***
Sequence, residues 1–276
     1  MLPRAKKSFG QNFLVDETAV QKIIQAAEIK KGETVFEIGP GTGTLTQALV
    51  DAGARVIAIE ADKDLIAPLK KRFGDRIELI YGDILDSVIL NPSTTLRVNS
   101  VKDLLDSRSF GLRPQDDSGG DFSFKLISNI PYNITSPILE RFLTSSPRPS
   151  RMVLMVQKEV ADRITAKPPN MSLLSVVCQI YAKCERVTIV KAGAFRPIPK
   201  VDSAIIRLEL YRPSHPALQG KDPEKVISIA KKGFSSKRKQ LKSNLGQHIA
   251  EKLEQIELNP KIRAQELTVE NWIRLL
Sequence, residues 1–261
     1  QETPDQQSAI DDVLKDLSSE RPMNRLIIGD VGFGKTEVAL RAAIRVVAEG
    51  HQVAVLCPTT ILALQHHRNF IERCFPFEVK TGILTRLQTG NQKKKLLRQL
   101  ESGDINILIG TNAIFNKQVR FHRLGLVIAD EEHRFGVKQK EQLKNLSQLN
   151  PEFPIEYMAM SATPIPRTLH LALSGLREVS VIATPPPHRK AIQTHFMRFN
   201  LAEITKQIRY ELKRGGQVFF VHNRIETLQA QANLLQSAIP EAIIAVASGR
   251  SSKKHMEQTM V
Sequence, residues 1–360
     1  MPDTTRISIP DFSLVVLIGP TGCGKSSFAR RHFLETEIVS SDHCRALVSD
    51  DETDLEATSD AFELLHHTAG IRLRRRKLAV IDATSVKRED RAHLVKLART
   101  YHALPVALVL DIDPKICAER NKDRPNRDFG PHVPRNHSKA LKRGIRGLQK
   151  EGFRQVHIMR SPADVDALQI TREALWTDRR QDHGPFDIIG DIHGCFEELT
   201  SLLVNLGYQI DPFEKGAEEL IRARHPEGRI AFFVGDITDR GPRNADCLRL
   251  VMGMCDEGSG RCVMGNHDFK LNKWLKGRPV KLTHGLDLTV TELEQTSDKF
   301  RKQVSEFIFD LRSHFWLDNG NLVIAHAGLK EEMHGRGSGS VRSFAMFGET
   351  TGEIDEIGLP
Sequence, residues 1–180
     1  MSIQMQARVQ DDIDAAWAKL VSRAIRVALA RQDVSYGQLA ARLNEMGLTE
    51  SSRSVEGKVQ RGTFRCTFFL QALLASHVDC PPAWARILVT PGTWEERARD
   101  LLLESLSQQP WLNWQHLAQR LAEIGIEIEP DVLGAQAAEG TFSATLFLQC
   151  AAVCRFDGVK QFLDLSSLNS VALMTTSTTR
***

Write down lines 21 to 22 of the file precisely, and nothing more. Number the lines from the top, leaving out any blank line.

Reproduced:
   251  VMGMCDEGSG RCVMGNHDFK LNKWLKGRPV KLTHGLDLTV TELEQTSDKF
   301  RKQVSEFIFD LRSHFWLDNG NLVIAHAGLK EEMHGRGSGS VRSFAMFGET